It is Saturday morning. All over the country, right as you’re reading this, thousands of young people will be practising sport.
You may be a parent, grandparent or friend of one of the dedicated young sportsmen or women. You might have picked this up to help while away the time waiting for them in a leisure centre in Edinburgh, or Stirling, or Thurso - while your offspring completes lengths of the pool, swings in circles from a pair of gymnastics rings, or practices their double-handed backhand. You might be waiting by an ice rink in Dundee, watching sit spins and spirals or at the side of a rugby pitch in Melrose while your son or daughter launches themselves into a ruck.
While some of these young people are doing all of this entirely for fun or fitness, others will harbour dreams of a sporting career. A proportion of those will dedicate their childhood and teenage years to trying to get to the top of their profession, while an even smaller number will actually make it to competing at a high level. For the ones who do make it to the Olympic Games, it is all too easy to assume they have made it, reached their final goal.
Yet a first-person account from a retiring athlete made me think hard this week about the difficulties of what happens next. Most sports people – with some exceptions, showjumper John Whitaker is still contemplating the Tokyo Olympics in 2020, when he will be 64 – reach the pinnacle of their careers by their early 30s. The question is, then what?
In a week when retired sprinter Usain Bolt looks set to sign for an Australian football club, Edinburgh-based Team GB Olympic swimmer Lizzie Simmonds published a blog post about retiring from competitive swimming aged 27.
In a piece called “How to be a real person”, Simmonds – who hit the headlines earlier this year after tweeting about an exchange with a woman in a swimming pool in the capital who had told her that she was so good she should consider joining a club team – writes of the struggles of moving from a regimented and focused daily life into the real world.
“Lots of athletes get into trouble when they leave elite sport, and it’s not too difficult to understand why. After being identified as ‘Lizzie the swimmer’ for so long, I’ve just morphed into ‘Lizzie the normal person’,” she wrote.
“If, like me, an athlete has often defined themselves by their successes in sport, then it can be difficult to surrender their hard-won identity in the search for a new one.”
She has a point. We see them, standing there on the podium, medals around their necks and assume that they have it made. Yet managing to merely financially survive in competitive sport is a feat in itself – for many without lucrative endorsement and sponsorship deals, there is little room for financial planning for the future.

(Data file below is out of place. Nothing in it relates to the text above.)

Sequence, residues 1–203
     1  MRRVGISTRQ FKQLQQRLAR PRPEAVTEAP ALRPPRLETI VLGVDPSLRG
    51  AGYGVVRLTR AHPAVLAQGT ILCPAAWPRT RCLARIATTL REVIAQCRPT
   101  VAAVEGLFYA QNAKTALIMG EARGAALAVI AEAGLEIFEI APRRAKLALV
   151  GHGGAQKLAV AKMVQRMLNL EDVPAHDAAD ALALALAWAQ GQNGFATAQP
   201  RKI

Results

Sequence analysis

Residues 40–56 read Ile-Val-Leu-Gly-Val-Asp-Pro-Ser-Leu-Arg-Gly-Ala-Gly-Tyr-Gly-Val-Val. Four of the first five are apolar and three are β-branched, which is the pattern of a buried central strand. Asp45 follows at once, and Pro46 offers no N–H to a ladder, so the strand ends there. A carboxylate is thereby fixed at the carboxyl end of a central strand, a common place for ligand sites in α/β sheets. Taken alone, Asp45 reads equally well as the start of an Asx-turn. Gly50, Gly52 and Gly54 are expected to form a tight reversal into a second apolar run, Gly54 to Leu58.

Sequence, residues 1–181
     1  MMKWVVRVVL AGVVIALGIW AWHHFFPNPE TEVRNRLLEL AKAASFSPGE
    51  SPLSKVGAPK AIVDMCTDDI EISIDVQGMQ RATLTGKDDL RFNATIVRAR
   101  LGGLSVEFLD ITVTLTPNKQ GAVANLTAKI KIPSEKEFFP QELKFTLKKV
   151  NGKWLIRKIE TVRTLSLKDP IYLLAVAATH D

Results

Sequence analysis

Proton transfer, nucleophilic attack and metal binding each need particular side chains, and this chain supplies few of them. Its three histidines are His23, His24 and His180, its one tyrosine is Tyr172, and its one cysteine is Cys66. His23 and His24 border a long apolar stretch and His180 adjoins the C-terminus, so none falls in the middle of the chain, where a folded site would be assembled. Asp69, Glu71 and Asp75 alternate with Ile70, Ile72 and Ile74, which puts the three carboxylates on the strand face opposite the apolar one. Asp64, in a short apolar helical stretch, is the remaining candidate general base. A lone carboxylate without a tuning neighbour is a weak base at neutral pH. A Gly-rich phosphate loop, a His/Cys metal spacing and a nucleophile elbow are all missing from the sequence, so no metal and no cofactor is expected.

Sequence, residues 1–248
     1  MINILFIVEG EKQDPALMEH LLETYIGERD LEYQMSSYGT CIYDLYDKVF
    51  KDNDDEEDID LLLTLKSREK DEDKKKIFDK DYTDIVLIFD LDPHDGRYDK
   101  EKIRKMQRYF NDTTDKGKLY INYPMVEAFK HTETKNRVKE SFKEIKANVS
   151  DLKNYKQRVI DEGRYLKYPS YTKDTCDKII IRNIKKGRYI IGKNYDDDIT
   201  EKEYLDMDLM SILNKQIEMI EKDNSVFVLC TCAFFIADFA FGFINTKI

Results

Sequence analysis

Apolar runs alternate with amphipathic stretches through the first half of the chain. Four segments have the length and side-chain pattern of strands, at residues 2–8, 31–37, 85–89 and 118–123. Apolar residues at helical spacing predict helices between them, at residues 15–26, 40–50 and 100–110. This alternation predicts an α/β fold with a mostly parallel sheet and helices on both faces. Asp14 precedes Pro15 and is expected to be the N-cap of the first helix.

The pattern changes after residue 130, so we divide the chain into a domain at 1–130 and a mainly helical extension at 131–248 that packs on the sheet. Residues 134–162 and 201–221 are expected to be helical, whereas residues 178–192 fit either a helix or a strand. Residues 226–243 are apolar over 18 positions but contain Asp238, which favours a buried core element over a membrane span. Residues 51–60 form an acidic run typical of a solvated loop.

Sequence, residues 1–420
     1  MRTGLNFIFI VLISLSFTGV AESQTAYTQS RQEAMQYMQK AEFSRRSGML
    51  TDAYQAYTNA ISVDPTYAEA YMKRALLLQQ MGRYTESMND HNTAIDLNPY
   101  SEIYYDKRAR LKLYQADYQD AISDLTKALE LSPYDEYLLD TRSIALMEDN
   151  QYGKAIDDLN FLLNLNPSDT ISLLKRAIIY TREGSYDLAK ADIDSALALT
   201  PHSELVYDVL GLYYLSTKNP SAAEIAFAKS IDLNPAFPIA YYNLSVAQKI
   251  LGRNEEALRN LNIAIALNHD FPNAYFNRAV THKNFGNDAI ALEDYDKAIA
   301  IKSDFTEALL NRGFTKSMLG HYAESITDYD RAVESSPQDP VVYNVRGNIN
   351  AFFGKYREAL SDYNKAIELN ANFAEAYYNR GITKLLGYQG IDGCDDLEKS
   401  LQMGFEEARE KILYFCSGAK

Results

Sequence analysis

Athlete Jesse Owens, who scooped four golds at the 1936 Olympics, famously defended his decision to move into racehorse training for the money after retiring from running, saying: “I had four gold medals, but you can’t eat four gold medals.”
In addition, the psychological impact of carving out a life doing the thing that you love – and the only job you have known – then finding it has come to an end cannot be easy and sport as an industry is beginning to realise that. Sport Scotland employs dedicated ‘performance lifestyle advisers’ to help athletes through transitions, while Abertay University in Dundee two years ago appointed the world’s first ever professor of duty of care in sport.
There are, of course, those who can keep on competing. Golfers, particularly, have access to a lucrative Masters tour, through which many can earn a decent amount of cash up to retirement age. But for long jumpers or javelin throwers, the spectator dollar is not likely to be as forthcoming.
Some retired athletes manage to move on to teaching, training or reporting. They are elite athletes, with decades of experience in a very specific field. Yet, even for those who are able to remain within the sector in some way, life is never quite the same.
While coaching – or joining sports-related organisations, or becoming commentators or pundits – might mean a chance to keep on wearing the trainers, kicking the ball, wearing the skates or at least talking the talk, it is simply not the same as actually taking part. Which is why many former athletes move into something else entirely.
Back in the days when rugby was non-professional – this only changed fully in 1995 – players would have kept “normal” jobs the whole time, which they could easily step back into after their sporting career came to an end. Many were dentists, lawyers or, like Scottish rugby player John Jeffrey, a farmer.
In other sports, George Foreman is probably almost better known now for his cooking grill than his boxing success, while British hockey player Crista Cullen, who came out of retirement to take part in the Rio games in 2016 after winning gold in London 2012, now works in conservation in Kenya.
My sympathy is with Simmonds as she transforms into a “normal person”. It can’t be easy.